Prices for Black Sea wheat have grown by one and a half times since the beginning of the season
In the first half of the 2021/2022 season (from July 1st), prices for Black Sea wheat increased by 45%.
Prices increased amid concerns about the production and quality of grain in the Northern Hemisphere, as well as the imposed duty on exports from the Russian Federation, Refinitiv Agriculture reports.
So, from July to December, export quotations for Russian wheat with 12.5% protein and for Ukrainian wheat with 11.5% protein on a FOB basis increased by $100/ton, and reached the highest level since 2017. At the same time, the wheat harvest in the Black Sea region in 2021 exceeded 108 million tons.
The duty on the export of wheat from Russia, introduced in June, increased from $28 to $94/ton. Purchase prices for wheat in Russian southern ports were initially volatile, but increased by 25% in July-December.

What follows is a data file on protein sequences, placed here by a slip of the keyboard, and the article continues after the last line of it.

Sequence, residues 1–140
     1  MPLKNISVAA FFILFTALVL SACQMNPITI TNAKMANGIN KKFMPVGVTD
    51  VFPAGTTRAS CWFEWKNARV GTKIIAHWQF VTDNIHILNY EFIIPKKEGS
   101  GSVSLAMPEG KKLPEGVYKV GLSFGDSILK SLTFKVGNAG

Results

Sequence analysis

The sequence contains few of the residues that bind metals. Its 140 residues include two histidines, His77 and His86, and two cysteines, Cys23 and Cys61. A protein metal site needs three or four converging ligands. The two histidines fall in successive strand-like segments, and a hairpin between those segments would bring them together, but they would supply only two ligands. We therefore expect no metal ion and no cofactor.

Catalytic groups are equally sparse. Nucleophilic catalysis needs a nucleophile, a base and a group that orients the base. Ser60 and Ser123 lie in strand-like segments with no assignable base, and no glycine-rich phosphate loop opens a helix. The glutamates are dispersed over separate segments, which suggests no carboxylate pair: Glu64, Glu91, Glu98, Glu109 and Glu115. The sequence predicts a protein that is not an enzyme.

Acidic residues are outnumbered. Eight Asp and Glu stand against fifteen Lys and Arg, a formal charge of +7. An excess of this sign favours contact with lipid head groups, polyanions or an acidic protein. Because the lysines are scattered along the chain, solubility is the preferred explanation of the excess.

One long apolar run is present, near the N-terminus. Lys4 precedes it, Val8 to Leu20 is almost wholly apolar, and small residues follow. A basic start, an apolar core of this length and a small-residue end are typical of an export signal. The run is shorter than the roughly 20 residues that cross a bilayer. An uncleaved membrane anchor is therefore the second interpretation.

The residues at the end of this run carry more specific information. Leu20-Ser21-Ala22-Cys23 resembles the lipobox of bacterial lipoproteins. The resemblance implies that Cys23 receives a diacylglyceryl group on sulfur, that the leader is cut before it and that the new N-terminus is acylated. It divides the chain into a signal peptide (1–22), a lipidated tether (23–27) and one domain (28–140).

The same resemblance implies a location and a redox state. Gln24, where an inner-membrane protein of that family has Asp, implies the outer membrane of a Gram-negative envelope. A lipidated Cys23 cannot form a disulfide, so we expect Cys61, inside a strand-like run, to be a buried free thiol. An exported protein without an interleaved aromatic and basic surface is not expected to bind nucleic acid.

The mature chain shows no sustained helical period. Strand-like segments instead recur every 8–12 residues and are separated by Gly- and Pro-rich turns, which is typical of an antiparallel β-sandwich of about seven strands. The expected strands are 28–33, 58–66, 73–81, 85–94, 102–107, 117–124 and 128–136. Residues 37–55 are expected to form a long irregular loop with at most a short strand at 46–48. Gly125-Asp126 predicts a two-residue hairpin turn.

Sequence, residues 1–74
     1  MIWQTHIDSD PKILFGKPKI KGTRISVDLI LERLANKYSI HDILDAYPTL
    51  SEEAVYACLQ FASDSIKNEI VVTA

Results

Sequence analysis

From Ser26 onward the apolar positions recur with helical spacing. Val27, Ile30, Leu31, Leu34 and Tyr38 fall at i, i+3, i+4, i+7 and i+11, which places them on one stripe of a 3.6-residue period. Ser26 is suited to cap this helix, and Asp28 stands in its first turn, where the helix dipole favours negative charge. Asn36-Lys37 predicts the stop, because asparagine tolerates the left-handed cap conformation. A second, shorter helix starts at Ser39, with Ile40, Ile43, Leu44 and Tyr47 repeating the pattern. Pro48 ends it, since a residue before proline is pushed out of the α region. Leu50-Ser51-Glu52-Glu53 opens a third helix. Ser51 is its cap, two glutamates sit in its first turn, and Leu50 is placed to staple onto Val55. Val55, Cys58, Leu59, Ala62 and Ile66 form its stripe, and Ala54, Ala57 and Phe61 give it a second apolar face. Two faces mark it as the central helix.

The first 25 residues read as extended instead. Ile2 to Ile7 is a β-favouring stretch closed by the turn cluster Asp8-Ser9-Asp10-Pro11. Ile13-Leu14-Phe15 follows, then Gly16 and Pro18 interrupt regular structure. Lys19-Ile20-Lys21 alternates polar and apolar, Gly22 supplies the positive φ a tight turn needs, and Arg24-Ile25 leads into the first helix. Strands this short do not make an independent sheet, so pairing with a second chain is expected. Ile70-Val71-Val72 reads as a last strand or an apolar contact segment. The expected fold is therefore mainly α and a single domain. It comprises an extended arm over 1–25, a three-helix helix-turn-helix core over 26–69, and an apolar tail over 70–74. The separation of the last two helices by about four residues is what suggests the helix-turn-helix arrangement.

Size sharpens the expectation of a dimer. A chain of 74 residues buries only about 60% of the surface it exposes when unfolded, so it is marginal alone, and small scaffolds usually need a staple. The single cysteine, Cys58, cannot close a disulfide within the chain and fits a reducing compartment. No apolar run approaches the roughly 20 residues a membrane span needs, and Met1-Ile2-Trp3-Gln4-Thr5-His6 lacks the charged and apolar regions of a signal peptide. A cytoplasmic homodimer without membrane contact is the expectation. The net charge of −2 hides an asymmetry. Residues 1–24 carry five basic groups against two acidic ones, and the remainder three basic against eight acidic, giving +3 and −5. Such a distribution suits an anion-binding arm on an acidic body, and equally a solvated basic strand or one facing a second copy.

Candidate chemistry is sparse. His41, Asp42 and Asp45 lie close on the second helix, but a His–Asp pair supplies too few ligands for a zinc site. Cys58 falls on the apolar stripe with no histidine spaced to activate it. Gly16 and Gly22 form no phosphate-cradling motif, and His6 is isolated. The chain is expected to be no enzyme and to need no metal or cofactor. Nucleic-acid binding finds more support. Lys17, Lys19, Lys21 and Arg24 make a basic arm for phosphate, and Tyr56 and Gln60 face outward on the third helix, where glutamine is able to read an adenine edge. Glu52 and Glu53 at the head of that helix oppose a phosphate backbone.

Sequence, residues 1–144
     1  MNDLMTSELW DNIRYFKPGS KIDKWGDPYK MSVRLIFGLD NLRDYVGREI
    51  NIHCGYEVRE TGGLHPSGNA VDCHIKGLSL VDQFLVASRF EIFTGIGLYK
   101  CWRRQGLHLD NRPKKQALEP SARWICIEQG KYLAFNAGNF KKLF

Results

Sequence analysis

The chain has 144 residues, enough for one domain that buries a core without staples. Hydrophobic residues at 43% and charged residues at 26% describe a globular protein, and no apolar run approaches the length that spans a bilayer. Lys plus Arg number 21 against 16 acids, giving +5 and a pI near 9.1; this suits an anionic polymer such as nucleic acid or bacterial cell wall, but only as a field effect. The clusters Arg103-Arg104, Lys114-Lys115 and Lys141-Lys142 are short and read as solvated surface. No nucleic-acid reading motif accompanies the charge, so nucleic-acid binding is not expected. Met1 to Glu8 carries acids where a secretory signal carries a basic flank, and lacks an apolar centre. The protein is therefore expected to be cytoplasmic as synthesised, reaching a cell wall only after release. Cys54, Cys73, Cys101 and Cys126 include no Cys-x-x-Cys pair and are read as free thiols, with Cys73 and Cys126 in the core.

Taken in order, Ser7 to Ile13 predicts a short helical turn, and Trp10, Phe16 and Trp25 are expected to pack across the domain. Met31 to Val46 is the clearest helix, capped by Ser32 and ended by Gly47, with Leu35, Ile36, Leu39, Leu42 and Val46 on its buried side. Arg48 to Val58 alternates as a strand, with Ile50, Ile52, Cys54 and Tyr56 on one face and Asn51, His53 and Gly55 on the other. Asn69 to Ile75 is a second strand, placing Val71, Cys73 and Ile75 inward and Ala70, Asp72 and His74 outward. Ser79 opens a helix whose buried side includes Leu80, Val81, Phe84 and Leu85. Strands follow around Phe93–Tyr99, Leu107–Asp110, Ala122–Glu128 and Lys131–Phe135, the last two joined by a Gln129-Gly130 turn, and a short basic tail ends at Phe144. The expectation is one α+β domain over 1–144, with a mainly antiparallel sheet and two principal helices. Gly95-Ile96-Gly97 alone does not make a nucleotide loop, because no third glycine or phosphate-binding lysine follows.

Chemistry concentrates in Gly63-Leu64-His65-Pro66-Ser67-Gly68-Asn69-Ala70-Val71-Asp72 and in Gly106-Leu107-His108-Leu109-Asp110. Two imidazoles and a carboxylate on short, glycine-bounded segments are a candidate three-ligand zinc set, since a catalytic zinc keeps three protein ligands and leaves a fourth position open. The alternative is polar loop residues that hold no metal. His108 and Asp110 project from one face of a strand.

Export quotations for Ukrainian food wheat on CPT/DAP-port basis since the beginning of the season have grown by $90/ton – to $310-315/ton. For milling wheat prices increased by almost $80 – to $290-295/ton.
The factors behind the rise in prices in Ukraine were unfavorable weather conditions, which led to a delay in harvesting, as well as the restriction of sales by farmers. In addition, the situation on the grain market was complicated by logistical problems: a shortage of wagons led to a significant increase in transportation costs.
According to the Food and Agriculture Organization of the United Nations (FAO), world food prices rose 28% last year, along with energy and fertilizer prices. This is followed by an increase in the cost of production and a decrease in yields.